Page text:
Between the body of images and the images of the body, Vilapuig articulates a passage of crossings, a mechanics of body flows linked by the difference that forms them. A voluptuous knowledge that derives from touching (5). The type of knowledge that is displayed here is of a different nature; it is formed in the opposite sense to the synthesis that brings together a regularity and is built as a category from which to explain a certain world. A knowledge that embraces a multiplicity of singularities without a defined orientation, which even opens the question of where we should begin to see, where, in fact, the decisive element is the opening.

A body that touches is a body that exposes itself.

A thought develops its relationships by what it is touched by. Something comes to us in the images that are formed in the folds of the situations of which we take part in, an echo of the images that refers to that detour without return of the multiplicity that resists being articulated under a unit, a space of resonance. Where nothing and no one is manifested. Perhaps for this reason, the work of Oriol Vilapuig is so difficult to classify, because it touches us with the deep layers of the being that are formed on the surfaces, between bestiaries, deep nights, newspaper clippings, bodies made of holes, pupils, nostrils, open mouths that are abysses and do not fit into a determined space. Although the accentuation of Vilapuig’s hollowness bothers us, it is also the indelible memory of his opacity. An excessive body that does not fit, that flows, exceeds, and even in its adequacy is always inadequate.

Between modesty, pride and horror, “a thought that does not allow itself to be recorded by the weight of giving up on the imaginative, desiring body” (6), images that are like a contortion in the wind, a candle burning in peace, that confront us with a tension that cannot be resolved, that inhabits us and stirs us up.

Cupping the hands to welcome the echoes, cupping the images to compose another ecology, other landscapes that shape relationships both in terms of impressions and surfaces, as well as a congestion of signs that must be managed. In this sense, resonance does not consist in experiencing one’s own echo that is returned amplified by a surface that contains it; on the contrary, resonance brings something new. Resonance arises when “the vibration of one body stimulates the vibration of another” (7). Somehow, resonating is a reaction to other bodies. The skin is an organ of resonance, breathing is a communicative relationship with the world. Each body and each thing have a materiality and a temperature to which we can be sensitive or not.

The image is an indeterminate area where to project a meaning, it can only constitute meaning and dissipate those that have been sedimented if it is considered in its movement, in its choreography. What we see does not make impressions; what we see generates sensitive movements.

Sometimes, to understand that we are involved in the game it is necessary to start from something that hurts us, that damages us. But, at the same time, the capacity to generate situations is formed in our desiring forces, which enables us to play with the repeated forms. We verify continuities to test relationships, to move them into the thickness of the bodies.

What relationship does a body establish with the form it pretends to be?

Desire has known social forms and exhausted bodies that have even forgotten their lust. This is precisely what does not work at all, the failure that puts us in contact with ourselves. Culture begins with postponing pleasure; the conquest of fire would have been giving up the pleasure of extinguishing it (8). From the delicate work with what there is, the residual corners or the symbolic imaginaries that have organised our worlds, from the pulsation of the images – an accomplice of diverse materialities -, Vilapuig allows us to ask ourselves: how can we think when we are short of breath? How can we relate to our desire? Where do we put life? How are we looked at by what looks at us?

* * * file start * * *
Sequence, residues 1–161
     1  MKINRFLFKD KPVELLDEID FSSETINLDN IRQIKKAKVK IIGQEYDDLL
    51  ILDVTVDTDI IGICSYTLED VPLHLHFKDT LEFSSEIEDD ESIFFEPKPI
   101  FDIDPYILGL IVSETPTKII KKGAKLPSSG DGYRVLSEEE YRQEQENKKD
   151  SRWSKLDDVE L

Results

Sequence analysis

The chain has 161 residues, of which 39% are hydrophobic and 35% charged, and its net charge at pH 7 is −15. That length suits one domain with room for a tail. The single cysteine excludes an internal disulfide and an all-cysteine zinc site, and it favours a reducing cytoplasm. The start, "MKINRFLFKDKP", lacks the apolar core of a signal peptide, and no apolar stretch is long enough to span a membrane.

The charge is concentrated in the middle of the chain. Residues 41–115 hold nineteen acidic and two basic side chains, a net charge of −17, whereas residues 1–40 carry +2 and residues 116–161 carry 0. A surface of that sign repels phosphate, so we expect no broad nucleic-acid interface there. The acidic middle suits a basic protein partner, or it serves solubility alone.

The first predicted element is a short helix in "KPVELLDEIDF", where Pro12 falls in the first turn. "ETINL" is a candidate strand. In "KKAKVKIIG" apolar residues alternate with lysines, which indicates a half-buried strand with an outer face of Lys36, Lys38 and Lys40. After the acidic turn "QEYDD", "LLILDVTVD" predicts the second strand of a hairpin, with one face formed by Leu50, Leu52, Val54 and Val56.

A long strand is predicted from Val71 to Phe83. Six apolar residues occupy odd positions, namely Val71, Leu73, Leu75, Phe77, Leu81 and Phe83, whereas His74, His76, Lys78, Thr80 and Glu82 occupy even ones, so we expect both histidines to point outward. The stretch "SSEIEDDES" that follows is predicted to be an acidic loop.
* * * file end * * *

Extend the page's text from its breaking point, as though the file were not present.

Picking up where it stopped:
In the plexus of movement, we are searching for a sense of rhythm to go after something more than what we already know we are. To sculpt the material conditions that can change the shape of ourselves in the images. If the shapes are the scars of metamorphoses (9), exercising the ability to receive a shape is also preparing oneself for a reality pregnant with mystery but, above all, the ability to be able to tear oneself up a little.


El cuerpo dibuja nuestra forma
El cuerpo necesita digerir, dormir, excretar, sudar, ensuciarse, lastimarse, caer enfermo
Un cuerpo es una diferencia que también difiere de sí
El cuerpo es una envoltura. El cuerpo se hace con otros cuerpos, está ligado por la diferencia.
¿Quién pue de escapar de su cuerpo? La vida humana sucede en el cuerpo.
Es como si el cuerpo sintiera una atracción vertiginosa por las formas de precipitación de lo que en nostros se deja caer.
acá duele, duele, duele y vos sentada con el sexo abierto al sol,
congelando el poder de la puntuación, dejando la lengua silvestre orearse al vapor del oráculo cuarteado
La borradura de la afonía, val flores, 2022


Andrea Soto Calderon, exhibition collaborator
Barcelona, July 10, Barcelona


(1) I am grateful for the dialogues with Ana Cecilia González, to whom I owe these reflections.
(2) val flores, “Esporas de indisciplina. Pedagogías transtornadas y metodologías queer”, en: AAVV, Pedagogías transgresoras II, Ediciones Bocavulvaria, Santa Fé, 2018, p.144.
(3) Sara Ahmed, Jackie Stacey, Thinking Through the Skin, Routledge, New York, 2001.
(4) Mani Kaul, Escuchamos y vemos y sentimos y entonces pensamos, Lumière, Barcelona, 2021.
(5) Michel Serres, La naissance de la Physique dans le text de Lucrèce, Les Éditions de Minuit, Paris, 1977, p.131
(6) Marcela Rivera Hutinel, Pensar por imágenes: montaigne y la caída, Cuadro de Tiza, Santiago de Chile, 2020, p.17.
(7) Harmut Rosa, Resonancia. Una sociología de la relación con el mundo, Katz, Madrid, 2019, p.79.
(8) Sigmund Freud, El malestar en la cultura, Alianza, Madrid, 2010
(9) Emanuele Coccia, Qu’est-ce que la philosophie?, Les rencontres philosophiques de Monaco, 2018, p.26
(10) Variaciones personales de Jean-Luc Nancy, 58 indicios sobre el cuerpo. Extensión del alma, La Cebra, Buenos Aires, 2017




Exhibition held in the occasion of Barcelona Gallery Weekend 2023
RocioSantaCruz gallery in Barcelona Gallery Weekend. Click aquí

ESDi x Barcelona Gallery Weekend | Universitat Ramon Llull

Con el apoyo de / Amb el suport de / With the collaboration of